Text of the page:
Director of National Intelligence Dan Coats is leaving his job next month, ending a two-year tenure marked by President Trump’s clashes with intelligence officials.
Trump announced Coats’s departure on Aug. 15 in a tweet Sunday that thanked Coats for his service. He said that he will nominate Representative John Ratcliffe, Republican of Texas, to the post and that he will name an acting official in the coming days. Ratcliffe is a frequent Trump defender who fiercely questioned former special counsel Robert Mueller last week during a House Judiciary Committee hearing.
Coats often appeared out of step with Trump and disclosed to prosecutors how he was urged by the president to publicly deny any link between Russia and the Trump campaign. The frayed relationship reflected broader divisions between the president and the government’s intelligence agencies.
Coats’s public, and sometimes personal, disagreements with Trump over policy and intelligence included Russian election interference and North Korean nuclear capabilities. Trump had long been skeptical of the nation’s intelligence community, which provoked his ire by concluding that Russia interfered in the 2016 presidential election with the goal of getting him elected.
A former Republican senator from Indiana, Coats was appointed director of National Intelligence in March 2017, becoming the fifth person to hold the post since it was created in the wake of the Sept. 11, 2001, attacks to oversee and coordinate the nation’s 17 intelligence agencies.
Coats had been among the last of the seasoned foreign policy hands brought to surround the president after his 2016 victory, of whom the president steadily grew tired as he gained more personal confidence in Oval Office, officials said. That roster included Defense Secretary Jim Mattis and Secretary of State Rex Tillerson, and later national security adviser H.R. McMaster.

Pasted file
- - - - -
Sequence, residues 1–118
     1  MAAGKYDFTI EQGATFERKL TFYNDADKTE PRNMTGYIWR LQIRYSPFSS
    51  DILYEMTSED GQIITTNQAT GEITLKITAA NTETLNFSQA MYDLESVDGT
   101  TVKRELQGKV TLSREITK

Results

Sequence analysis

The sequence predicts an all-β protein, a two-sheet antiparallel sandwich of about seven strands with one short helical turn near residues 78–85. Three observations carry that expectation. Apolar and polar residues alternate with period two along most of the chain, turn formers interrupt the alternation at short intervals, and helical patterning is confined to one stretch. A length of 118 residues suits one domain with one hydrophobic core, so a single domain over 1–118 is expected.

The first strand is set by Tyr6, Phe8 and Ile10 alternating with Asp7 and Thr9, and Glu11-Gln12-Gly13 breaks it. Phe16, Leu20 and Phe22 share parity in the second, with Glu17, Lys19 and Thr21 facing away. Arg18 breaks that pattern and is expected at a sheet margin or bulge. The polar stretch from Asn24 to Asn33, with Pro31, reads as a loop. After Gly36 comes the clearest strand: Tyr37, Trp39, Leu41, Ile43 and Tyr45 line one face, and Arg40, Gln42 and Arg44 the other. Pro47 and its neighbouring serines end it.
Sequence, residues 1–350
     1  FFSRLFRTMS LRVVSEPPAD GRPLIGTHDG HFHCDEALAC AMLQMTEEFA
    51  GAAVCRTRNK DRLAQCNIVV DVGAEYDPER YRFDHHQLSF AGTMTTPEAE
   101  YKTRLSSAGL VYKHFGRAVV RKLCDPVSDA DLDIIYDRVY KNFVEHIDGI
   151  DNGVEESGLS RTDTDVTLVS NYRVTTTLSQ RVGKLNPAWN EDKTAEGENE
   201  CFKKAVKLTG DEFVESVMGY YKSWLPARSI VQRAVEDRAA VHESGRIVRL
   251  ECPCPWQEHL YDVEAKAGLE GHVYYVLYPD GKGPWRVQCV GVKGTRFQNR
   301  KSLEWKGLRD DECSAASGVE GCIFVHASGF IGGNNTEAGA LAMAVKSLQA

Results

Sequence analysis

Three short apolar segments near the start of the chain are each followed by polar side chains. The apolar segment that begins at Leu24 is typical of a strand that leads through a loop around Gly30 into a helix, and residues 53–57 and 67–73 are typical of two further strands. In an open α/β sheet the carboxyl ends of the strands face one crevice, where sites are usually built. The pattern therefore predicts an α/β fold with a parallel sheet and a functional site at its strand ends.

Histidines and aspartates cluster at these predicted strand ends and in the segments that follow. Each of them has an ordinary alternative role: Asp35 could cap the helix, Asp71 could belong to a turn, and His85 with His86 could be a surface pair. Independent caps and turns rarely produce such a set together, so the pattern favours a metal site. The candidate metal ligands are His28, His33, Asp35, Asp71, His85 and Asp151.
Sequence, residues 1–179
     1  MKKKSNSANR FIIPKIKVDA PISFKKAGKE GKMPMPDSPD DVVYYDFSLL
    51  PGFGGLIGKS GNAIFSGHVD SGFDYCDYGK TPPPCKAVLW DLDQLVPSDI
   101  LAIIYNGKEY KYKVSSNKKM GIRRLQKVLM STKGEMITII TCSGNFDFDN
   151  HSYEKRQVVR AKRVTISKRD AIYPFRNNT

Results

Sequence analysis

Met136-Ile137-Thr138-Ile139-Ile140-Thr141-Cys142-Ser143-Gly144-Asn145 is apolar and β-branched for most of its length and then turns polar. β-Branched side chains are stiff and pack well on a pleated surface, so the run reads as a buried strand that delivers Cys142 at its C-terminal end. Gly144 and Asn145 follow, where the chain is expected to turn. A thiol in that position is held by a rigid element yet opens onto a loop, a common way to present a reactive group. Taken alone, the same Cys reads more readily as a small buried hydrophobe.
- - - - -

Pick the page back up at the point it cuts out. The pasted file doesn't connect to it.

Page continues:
Coats developed a reputation inside the administration for sober presentations to the president of intelligence conclusions that occasionally contradicted Trump’s policy aims.
Scott says he wasn’t told about ’16 Russian hacking
US Senator Rick Scott said Sunday that he was never told by Homeland Security officials in 2016 when he was Florida’s governor that Russian hackers had gained access to voter databases in two Florida counties ahead of the presidential election.
Scott said on NBC’s ‘‘Meet the Press’’ that he was never contacted by the Department of Homeland Security in 2016 about the infiltration. The Republican said he learned about most of the details this year.
Current Governor Ron DeSantis said in May that the hackers didn’t manipulate any data and the election results weren’t compromised. DeSantis and other officials briefed on the matter wouldn’t say which counties.
Scott made his comments when asked about a Senate report released last week that said all states were targeted to varying degrees by Russian hackers. Scott said he hasn’t yet read the report, though he was briefed on it.
Last August, then-Democratic US Senator Bill Nelson, who Scott was running against, said that Russians had penetrated the systems of certain Florida counties and had ‘‘free rein to move about’’ before last year’s midterm election. Scott, who defeated Nelson in the November election, criticized Nelson’s allegations, saying they were sensational.
The Senate report outlined efforts by Russian hackers to get into systems in Illinois and around two dozen unnamed states. It detailed attempts in Illinois and a state only referred to as ‘‘State 2’’ but widely believed to be Florida, according to newsreports.
US inquiry of Trump friend focused on foreign lobbying
As Donald Trump was preparing to deliver an address on energy policy in May 2016, Paul Manafort, his campaign chairman, had a question about the speech’s contents for Thomas J. Barrack Jr., a top campaign fund-raiser and close friend of Trump.
“Are you running this by our friends?” Manafort asked in a previously undisclosed e-mail to Barrack, whose real estate and investment firm does extensive business in the Middle East.